Go inside Asahi’s 1000 bottles a minute bottling plant

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By Sam Bygrave

At Australian Bartender it’s no secret that we love well-made high quality gear — whether it’s a seamlessly fitting cobbler shaker or a precisely machined Japanese bar spoon. So we were excited to be taken on a tour of Asahi Premium Beverage’s Laverton plant in Victoria where high tech is writ large, and where quality, precision engineering and sheer scale collide. Seeing it in action is quite a sight, and reminds you just how much effort, endeavour and ingenuity people will put in to produce something that seems so simple and honest as a good beer. Maybe raise a glass to the unsung engineers, techs and delivery drivers next time you’re at the bar?

We were there as they were bottling the new additions to the Cricketers Arms craft beer brand. Having smashed a couple of these in recent weeks we were excited to check out what goes on behind the scenes to bring a brew like that to your bar.

Asahi produces beer, RTD’s and soft drinks in their Laverton facilities, and the bottling plant includes a line for bottles and a line for cans, both of which can be filled at a staggering rate of 1000 cans or bottles a minute.


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“At that speed you can’t actually see individual bottles,” said Andrew Hubbard, the guy tasked with running the plant.

It’s like a beautifully ordered and mechanised hi-speed conga line.

The first part of the process — that is, after the brew or drink has been made —  is where the packaging materials arrive. There is a great warehouse at one end of the building into which is delivered bottles and cardboard packaging. Asahi works on the Japanese production process of just in time delivery which according to Hubbard means they “get bottles and cans delivered within 24 hours” of a production run.

“We churn through it very quickly,” he said. Here’s hoping the truckers don’t go on strike this summer.

From there, pallets of empty bottles are loaded into a depalletiser which, as the name suggests, unpacks the pallets and sorts the bottles onto the production line for filling. From there the bottles are whisked through through the filling station at those crazy high speeds of 1000 bottles a minute, before going through a pasteurisation process where, depending on the product being produced, they’re heated to between 50 and 70 degrees to create a stable, quality product.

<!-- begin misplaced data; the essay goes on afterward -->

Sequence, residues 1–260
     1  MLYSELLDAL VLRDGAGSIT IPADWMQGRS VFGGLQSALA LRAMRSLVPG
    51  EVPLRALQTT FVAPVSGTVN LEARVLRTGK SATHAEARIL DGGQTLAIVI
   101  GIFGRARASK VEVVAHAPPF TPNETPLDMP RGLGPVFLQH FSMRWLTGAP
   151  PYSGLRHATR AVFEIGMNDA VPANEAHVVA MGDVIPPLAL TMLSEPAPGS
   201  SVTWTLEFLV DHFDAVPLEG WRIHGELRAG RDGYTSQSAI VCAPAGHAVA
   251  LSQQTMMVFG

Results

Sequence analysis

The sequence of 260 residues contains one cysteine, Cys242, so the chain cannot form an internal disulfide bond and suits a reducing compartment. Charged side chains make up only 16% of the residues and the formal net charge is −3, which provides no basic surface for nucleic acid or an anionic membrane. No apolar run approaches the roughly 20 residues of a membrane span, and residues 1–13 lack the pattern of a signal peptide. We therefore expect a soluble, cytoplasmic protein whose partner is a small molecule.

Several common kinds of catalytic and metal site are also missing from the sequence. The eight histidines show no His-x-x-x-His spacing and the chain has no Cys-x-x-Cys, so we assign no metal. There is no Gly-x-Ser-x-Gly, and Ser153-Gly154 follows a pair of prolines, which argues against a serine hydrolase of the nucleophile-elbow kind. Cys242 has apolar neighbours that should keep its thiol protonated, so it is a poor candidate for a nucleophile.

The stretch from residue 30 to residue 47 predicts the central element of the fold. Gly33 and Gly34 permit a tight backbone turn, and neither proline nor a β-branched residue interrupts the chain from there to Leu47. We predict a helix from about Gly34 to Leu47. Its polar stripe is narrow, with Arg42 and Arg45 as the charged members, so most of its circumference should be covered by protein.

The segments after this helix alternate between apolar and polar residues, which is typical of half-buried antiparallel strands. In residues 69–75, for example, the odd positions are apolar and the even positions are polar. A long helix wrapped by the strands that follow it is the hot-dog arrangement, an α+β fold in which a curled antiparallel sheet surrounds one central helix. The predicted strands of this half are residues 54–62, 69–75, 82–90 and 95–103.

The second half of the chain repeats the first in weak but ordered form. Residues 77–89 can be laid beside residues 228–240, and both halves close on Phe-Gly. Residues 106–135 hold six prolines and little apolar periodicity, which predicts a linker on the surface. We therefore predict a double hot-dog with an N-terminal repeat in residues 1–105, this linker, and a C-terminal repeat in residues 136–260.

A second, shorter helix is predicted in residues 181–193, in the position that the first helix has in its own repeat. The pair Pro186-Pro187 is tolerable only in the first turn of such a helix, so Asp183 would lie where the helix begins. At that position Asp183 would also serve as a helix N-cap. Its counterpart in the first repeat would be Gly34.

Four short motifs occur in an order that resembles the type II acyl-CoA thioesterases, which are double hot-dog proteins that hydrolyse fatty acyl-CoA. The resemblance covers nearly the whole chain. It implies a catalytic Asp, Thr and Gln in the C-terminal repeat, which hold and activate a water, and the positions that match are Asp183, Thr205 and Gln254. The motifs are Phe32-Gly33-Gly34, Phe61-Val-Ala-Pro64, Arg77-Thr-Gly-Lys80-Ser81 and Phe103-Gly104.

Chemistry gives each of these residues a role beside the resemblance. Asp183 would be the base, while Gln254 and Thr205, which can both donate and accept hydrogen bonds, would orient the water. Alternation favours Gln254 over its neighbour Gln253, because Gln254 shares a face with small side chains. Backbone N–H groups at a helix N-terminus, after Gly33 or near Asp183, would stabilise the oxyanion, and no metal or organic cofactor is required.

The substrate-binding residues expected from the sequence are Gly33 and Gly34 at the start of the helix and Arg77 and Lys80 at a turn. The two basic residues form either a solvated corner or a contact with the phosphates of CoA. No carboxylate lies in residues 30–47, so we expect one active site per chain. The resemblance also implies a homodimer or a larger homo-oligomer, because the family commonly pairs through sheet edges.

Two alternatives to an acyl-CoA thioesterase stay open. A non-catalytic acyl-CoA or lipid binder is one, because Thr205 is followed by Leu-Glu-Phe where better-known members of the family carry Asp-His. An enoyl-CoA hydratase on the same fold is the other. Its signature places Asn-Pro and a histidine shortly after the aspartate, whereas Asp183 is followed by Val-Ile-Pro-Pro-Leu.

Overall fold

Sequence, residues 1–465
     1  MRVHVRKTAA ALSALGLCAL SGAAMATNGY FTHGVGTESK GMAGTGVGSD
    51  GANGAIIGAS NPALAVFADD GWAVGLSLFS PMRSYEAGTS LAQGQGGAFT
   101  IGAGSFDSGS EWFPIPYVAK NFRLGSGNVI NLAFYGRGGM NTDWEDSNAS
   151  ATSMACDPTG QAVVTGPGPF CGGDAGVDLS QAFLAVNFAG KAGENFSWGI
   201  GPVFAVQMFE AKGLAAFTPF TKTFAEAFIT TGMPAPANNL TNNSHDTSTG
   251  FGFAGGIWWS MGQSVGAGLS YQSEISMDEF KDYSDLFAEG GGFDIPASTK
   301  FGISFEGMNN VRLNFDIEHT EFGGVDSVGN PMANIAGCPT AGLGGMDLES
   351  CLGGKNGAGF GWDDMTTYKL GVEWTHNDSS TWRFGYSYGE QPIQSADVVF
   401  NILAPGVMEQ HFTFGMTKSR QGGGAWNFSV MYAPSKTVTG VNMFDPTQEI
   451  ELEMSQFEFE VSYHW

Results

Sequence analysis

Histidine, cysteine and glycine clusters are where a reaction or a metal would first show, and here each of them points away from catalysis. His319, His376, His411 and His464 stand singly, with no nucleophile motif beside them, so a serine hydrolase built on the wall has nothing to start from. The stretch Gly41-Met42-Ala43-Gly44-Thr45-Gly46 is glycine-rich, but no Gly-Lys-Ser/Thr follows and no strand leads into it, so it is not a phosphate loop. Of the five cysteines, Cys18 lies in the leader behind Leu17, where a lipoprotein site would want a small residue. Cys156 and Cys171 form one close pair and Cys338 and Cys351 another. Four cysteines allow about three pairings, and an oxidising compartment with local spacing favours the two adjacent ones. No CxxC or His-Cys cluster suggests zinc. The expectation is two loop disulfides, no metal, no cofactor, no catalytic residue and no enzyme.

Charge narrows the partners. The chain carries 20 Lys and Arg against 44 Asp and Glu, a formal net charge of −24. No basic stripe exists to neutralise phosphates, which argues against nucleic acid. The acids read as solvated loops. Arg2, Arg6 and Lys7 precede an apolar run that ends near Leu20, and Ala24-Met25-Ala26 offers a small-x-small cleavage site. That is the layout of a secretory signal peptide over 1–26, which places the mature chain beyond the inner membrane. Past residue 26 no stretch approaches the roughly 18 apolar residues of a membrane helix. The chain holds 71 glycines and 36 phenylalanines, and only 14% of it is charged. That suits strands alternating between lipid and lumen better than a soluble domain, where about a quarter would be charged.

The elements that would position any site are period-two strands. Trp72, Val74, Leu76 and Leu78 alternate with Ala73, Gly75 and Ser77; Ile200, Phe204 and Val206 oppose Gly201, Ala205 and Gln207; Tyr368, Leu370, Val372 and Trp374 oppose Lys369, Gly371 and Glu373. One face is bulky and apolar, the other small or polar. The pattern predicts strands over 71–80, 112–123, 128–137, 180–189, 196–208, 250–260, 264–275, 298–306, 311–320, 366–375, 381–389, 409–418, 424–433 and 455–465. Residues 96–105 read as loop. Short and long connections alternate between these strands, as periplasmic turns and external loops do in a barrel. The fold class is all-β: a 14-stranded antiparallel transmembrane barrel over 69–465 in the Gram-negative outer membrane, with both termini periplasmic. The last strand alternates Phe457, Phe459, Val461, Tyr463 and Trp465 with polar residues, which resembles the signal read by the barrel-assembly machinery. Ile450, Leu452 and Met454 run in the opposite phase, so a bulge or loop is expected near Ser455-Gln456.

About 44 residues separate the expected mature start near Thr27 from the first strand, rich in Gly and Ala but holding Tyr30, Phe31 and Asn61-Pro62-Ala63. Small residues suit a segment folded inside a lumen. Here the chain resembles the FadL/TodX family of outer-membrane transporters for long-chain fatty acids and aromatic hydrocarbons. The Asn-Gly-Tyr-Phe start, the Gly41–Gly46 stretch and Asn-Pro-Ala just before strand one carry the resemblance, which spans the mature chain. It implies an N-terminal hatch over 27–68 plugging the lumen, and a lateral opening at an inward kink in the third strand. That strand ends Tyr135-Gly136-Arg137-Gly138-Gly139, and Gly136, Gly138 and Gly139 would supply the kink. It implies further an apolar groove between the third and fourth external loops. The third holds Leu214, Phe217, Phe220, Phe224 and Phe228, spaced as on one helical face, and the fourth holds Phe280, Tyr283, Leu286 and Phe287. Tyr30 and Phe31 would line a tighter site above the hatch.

Next up they hit the labeller, where in the briefest of moments the front, back and neck labels are applied. “It’s all done simultaneously,” said Hubbard. “It’s a very, very quick process.”

And then comes the packaging part — their machines can package things into six packs, four packs in different configurations (and they’re even more flexible with packaging on the can line). Once again its all automated — nothing is ever taken off the line — and the product is then packaged in cartons and onto pallets (via a machine known as, you guessed it, a palletiser) where they’re shrink-wrapped for transport.

That’s not all the plant does, however. In addition to a large scale brewery and an explosion-proof spirits ageing house, the plant also has a quality analysis lab and a small R&D lab in which they trial new products; recently, they’ve added a keg line to their operation.

This shiny new toy the guys are very excited about, and again the engineering and human endeavour that goes in to the process — all in the name of getting your beer to you — is a bit of a marvel. “It’s a very, very automated process,” said Hubbard, “it only takes one person to run this line. All he does is put kegs on on a pallet, and take them off [on a pallet] at the end of the line.” One well-programmed are precise robot arm does all the heavy lifting.

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When we head through to the warehouse where pallets of stock rest before being whisked out on trucks to thirsty customers, we’re accompanied by Asahi Premium Beverages CEO Greg Ellery, who points to a pallet of Asahi Super Dry kegs as “liquid gold”. It’s one brand that isn’t produced at the Laverton facility, coming from the best Asahi brewery in Japan instead. And that’s the way it will stay if Ellery has his way.

“To keep the brand’s integrity, I will never make this beer here,” said Ellery.

He clearly knows that when something is good, you don’t need to tinker with it.


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